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Highest Position In The World - Babu Sassi Crane Operator

Summary:
Email claims that Indian Babu Sassi, a crane operator working on the construction of the Burj Dubai, the world's tallest building, lives inside the crane's cabin because it takes too long to come down each day (Full commentary below).



Status:
Unsubstantiated

Example:(Submitted, February 2009)
Subject=:WHO IS IN THE HIGHEST POSITION IN THE WORLD? - scroll right to the end

Do you know who is in the highest position in the World?

President George Bush?

NO!

Pres Elect Barack Obama?

NO!

UN Secretary General?

NO

Pope Benedict?

NO!

Max Caddis?

Wonder No Longer...

Babu Sassi, a fearless young man from southern India is the cult hero of Dubai 's army of construction workers.

Known as the "Indian on the top of the world", Babi is the crane operator at the world's tallest building , the 819-meter Burj Dubai. His office, the cramped crane cab perched on top of the Burj, is also his home. Apparently it takes too long to come down to the ground each day to make it worthwhile. When the building is completed, its elevators will be the world's fastest.

Stories about his daily dalliance with death are discussed in revered terms by Dubai 's workers. Some say he has been up there for more than a year, others whisper that he's paid 30,000 dirhams ($8,168) a month compared with the average wage of 800 dirhams a month. All agree he's worth it.

Crane at Burj Dubai



Commentary:
This email forward discusses Babu Sassi an Indian crane operator working on the Burj Dubai, a skyscraper that is now the tallest building in the world. According to the message, Babu, who is supposedly revered by his coworkers for his skill and daring, actually lives in the cabin of his crane because it takes too long to come down to the ground each day. The message also claims that, in comparison with other workers in Dubai, Babu is extremely well payed for his dangerous work.

While Burj Dubai is certainly a real project and the yet unfinished building is indeed the tallest in the world, it is currently unclear if the other claims in the message are accurate.

Most of the text of the email is apparently taken from a longer article by journalist Louise Armistead. However, Armistead does not specify sources and, so far, I have found no other credible references that confirm the claims in the story.

A worker named Babu Sassi quite possibly does operate a crane on the Burj Dubai site. However, I am yet to find a reference to him that is not derived from Armistead's article. According to an information chart detailing the wage structure for Indian workers employed in the UAE, crane operators have a minimum wage of 1800 dirhams per month, which is quite a bit more than other workers. It is possible that an especially skilled crane operator working at such unprecedented heights might receive considerably more than 1800 dirhams a month, but 30,000 sounds a little unlikely.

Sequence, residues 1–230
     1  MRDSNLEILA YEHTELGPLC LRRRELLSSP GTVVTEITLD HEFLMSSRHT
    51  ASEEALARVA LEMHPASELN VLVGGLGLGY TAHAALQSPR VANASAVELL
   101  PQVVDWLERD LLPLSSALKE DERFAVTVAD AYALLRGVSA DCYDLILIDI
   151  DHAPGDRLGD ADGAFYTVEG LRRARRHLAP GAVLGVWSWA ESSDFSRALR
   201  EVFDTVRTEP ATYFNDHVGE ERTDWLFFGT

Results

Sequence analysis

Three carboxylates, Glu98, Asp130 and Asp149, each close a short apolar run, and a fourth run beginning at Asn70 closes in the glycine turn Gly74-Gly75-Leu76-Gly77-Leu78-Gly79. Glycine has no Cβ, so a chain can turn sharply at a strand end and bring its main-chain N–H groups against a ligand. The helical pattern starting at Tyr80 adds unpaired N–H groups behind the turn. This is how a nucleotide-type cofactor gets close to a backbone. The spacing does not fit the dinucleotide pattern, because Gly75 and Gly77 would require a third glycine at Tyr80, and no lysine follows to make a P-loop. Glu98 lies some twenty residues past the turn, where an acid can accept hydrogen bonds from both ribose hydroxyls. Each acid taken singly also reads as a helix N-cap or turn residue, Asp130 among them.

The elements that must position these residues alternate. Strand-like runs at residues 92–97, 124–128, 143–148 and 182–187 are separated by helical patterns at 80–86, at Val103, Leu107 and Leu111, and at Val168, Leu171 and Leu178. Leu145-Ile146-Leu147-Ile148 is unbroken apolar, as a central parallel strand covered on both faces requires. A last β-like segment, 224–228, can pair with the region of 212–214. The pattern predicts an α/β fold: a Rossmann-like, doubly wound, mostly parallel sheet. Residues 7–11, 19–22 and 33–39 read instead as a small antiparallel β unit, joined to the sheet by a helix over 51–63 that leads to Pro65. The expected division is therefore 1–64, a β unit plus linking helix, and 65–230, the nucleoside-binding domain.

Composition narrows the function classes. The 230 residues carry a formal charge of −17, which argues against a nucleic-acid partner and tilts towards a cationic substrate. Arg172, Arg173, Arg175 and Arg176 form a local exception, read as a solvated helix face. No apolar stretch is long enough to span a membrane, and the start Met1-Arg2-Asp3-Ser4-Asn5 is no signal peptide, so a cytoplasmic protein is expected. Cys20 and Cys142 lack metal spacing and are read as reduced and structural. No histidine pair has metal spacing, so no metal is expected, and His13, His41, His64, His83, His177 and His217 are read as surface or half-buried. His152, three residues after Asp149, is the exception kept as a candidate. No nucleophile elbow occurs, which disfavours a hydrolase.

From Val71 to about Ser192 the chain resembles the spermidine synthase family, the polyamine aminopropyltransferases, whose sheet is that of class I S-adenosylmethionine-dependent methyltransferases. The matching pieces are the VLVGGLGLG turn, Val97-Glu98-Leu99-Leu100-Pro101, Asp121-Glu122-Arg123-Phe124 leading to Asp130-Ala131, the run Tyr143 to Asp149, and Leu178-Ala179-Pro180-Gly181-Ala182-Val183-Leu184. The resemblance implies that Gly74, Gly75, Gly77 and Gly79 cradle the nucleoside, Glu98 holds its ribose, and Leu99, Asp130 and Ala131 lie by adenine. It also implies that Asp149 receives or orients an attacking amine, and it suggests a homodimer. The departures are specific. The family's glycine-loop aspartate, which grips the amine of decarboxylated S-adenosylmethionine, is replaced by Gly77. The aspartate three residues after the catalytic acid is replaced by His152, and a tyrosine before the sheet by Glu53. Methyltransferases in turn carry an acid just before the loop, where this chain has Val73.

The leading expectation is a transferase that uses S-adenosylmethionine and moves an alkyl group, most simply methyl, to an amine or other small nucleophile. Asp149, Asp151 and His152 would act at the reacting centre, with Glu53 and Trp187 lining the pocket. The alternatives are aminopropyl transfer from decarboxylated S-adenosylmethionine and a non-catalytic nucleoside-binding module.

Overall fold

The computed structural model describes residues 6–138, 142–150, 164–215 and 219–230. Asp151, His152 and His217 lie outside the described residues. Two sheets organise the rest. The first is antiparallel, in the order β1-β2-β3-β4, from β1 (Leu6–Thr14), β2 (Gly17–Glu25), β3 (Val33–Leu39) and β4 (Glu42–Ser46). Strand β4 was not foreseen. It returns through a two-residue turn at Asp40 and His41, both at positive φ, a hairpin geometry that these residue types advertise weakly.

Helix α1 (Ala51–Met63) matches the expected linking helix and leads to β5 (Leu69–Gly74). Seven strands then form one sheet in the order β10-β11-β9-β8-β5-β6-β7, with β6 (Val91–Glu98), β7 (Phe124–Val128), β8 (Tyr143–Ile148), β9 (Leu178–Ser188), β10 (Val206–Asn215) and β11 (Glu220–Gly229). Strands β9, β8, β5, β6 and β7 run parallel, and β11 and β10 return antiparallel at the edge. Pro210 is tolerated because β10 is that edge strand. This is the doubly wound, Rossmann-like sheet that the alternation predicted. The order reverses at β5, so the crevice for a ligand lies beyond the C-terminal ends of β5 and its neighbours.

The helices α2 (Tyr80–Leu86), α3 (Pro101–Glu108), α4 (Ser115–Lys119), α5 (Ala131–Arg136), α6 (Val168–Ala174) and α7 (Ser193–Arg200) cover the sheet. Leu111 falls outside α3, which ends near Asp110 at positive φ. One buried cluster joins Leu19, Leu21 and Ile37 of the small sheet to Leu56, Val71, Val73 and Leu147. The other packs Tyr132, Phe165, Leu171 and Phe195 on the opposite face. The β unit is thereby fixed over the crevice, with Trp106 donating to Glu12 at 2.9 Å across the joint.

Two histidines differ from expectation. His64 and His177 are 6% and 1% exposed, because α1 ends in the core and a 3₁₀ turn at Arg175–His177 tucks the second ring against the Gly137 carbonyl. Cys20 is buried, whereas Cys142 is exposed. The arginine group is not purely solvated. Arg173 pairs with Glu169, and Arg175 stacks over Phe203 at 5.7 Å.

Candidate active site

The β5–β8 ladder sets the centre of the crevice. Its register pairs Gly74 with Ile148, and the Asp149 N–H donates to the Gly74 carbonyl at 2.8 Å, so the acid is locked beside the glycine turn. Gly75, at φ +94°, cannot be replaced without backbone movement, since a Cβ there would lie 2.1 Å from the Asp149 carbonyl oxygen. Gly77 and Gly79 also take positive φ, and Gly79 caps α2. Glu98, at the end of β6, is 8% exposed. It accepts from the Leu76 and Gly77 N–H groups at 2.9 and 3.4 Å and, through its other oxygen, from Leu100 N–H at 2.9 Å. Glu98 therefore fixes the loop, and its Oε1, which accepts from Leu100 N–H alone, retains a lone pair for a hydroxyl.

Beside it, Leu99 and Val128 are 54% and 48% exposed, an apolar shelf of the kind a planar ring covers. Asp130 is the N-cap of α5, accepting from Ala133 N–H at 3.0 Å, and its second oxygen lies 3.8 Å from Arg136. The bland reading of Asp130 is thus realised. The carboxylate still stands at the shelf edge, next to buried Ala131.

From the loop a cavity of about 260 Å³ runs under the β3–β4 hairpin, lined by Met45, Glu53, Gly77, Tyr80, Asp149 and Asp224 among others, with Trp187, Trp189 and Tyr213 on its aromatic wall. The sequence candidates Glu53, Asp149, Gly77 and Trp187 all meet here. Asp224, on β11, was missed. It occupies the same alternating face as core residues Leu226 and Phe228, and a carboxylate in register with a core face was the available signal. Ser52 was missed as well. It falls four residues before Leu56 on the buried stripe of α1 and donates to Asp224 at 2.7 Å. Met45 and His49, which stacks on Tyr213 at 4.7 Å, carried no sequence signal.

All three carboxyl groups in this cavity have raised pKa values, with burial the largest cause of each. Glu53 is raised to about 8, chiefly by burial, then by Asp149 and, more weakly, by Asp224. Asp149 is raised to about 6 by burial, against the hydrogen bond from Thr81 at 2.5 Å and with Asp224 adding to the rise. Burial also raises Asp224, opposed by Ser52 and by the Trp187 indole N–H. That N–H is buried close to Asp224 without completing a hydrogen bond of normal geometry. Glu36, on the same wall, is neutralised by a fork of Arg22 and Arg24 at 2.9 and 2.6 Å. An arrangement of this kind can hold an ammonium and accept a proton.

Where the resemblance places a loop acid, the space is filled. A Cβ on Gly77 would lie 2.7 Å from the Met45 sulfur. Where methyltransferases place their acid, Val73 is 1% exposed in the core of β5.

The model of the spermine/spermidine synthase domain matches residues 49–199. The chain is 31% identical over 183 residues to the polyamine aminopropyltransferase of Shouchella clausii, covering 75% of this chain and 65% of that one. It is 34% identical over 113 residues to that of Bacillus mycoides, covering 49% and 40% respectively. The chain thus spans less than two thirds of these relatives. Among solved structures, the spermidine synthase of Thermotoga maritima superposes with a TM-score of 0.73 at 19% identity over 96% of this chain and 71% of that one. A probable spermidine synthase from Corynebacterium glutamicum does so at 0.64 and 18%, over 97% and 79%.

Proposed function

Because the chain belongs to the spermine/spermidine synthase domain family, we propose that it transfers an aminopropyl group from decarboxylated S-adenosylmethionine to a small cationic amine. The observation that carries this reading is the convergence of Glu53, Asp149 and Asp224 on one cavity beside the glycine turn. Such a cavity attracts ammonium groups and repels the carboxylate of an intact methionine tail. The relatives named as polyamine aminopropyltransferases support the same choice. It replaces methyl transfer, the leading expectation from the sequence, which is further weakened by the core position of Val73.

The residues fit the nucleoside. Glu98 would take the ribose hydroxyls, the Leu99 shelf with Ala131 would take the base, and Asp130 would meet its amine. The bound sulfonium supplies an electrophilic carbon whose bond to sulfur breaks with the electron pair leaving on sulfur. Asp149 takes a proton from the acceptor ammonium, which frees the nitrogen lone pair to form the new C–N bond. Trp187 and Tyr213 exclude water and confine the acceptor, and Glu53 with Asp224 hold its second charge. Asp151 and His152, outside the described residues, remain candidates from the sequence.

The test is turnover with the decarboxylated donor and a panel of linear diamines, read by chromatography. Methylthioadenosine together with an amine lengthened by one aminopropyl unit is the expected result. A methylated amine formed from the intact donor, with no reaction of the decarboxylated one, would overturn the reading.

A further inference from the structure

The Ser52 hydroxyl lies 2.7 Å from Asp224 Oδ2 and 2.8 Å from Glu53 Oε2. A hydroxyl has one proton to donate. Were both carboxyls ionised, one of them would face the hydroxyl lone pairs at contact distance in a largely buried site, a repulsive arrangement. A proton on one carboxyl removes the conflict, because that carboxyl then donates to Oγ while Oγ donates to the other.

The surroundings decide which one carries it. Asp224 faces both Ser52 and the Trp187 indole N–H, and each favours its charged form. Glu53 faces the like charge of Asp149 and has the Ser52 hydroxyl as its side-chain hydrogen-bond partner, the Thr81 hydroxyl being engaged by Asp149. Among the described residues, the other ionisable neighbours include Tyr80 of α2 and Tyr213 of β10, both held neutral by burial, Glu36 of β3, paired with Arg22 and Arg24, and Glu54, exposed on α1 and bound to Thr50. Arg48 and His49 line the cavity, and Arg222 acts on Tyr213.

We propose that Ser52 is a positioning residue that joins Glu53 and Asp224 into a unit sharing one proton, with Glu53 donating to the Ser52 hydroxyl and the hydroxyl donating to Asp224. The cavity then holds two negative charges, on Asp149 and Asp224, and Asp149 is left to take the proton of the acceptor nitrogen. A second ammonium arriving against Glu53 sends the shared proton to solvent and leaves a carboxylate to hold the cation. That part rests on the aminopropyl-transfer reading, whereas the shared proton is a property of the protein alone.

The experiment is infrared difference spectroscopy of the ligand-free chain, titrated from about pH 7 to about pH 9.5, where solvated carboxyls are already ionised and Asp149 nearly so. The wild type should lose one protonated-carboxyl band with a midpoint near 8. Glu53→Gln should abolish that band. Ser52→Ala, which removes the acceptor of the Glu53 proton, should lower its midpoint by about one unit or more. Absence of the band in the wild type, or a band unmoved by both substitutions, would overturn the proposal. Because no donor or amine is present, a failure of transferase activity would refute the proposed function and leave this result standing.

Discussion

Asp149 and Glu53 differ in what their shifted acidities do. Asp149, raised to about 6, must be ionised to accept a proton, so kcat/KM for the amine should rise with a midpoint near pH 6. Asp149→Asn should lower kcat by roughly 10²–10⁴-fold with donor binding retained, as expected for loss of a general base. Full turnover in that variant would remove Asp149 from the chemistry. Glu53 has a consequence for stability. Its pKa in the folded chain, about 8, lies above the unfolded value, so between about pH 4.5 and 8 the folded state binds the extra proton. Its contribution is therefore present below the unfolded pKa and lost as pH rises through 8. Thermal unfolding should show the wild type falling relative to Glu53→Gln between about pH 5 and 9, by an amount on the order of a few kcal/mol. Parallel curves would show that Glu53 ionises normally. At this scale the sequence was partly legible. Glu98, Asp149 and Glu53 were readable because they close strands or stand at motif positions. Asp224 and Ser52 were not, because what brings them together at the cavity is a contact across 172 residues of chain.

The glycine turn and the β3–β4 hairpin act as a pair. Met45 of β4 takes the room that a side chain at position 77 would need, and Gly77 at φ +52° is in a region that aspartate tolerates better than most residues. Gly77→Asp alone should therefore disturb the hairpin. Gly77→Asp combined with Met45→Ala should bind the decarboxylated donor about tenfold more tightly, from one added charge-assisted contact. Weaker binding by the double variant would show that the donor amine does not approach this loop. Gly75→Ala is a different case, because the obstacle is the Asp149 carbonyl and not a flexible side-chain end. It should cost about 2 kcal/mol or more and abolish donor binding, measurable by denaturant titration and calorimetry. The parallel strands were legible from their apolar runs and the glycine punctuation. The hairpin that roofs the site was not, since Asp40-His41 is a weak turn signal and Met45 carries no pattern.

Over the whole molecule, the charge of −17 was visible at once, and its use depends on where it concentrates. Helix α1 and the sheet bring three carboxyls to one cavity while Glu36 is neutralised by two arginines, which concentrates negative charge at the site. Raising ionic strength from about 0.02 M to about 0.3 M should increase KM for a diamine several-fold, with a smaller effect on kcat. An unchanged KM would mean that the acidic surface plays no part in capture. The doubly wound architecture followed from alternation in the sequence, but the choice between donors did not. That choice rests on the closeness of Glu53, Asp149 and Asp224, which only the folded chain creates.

It is also conceivable that Babu does stay in the crane overnight, but the rumour claiming that he has lived in the cramped space of a crane cabin for over a year sounds farfetched to say the least. Moreover, the claim that Babu lives in the crane because it takes him too long to come down to the ground each day is also farfetched. The site employs thousands of workers (7,500 skilled workers as of June 2008) many of whom presumably work high atop the building. And many photographs of the site, including the one that comes with the email, show multiple cranes at work so Babu is certainly not the only crane operator working there. Thus, like any other high-rise construction, Burj Dubai must have safe and efficient methods of moving workers, including crane operators, up and down the building. So, there seems no reason why Babu could not descend with other workers at the end of his shift. Moreover, research indicates that, like other construction sites in Dubai, work on the tower continues 24 hours a day. Presumably therefore, Babu would need to vacate his "home" to make way for other operators lest the cab become very cramped indeed!

Big construction jobs have always generated their fair share of urban legends and tall tales and this might well be one of them. That said, without more concrete information, it would be premature to declare these claims about the legendary Babu's sleeping arrangements and salary as false. Perhaps Babu does earn a small fortune and sleeps in his crane cab. Stranger things have happened. If you know any details about Babu and his work habits, please add a comment below or send me an email.

Meanwhile, work on the massive project continues. The building is set to be completed in late 2009.



References:
High-flying economy to give itself a nosebleed?
MINIMUM WAGES FOR DIFFERENT WORKERS
Burj Dubai
Burj Dubai - The World's Tallest Skyscraper

Last updated: 19th February 2009
First published: 19th February 2009

Write-up by Brett M. Christensen

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